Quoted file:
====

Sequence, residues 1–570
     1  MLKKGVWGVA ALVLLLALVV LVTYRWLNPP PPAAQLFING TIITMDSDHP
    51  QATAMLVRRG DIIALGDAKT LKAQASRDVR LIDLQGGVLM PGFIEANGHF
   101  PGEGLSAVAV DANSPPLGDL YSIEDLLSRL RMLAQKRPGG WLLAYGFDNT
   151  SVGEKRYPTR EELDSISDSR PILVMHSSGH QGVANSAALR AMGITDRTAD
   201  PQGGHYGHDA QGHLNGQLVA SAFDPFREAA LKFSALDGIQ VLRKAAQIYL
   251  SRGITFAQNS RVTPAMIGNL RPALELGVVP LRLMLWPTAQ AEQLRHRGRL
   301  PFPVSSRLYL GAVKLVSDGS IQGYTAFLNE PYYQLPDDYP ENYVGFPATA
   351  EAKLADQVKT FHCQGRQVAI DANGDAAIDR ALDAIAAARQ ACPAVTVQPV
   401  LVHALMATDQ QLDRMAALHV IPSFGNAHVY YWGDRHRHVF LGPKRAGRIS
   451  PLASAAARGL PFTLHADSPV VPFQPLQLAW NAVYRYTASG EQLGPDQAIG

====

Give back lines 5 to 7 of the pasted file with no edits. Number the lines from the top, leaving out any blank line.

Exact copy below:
   151  SVGEKRYPTR EELDSISDSR PILVMHSSGH QGVANSAALR AMGITDRTAD
   201  PQGGHYGHDA QGHLNGQLVA SAFDPFREAA LKFSALDGIQ VLRKAAQIYL
   251  SRGITFAQNS RVTPAMIGNL RPALELGVVP LRLMLWPTAQ AEQLRHRGRL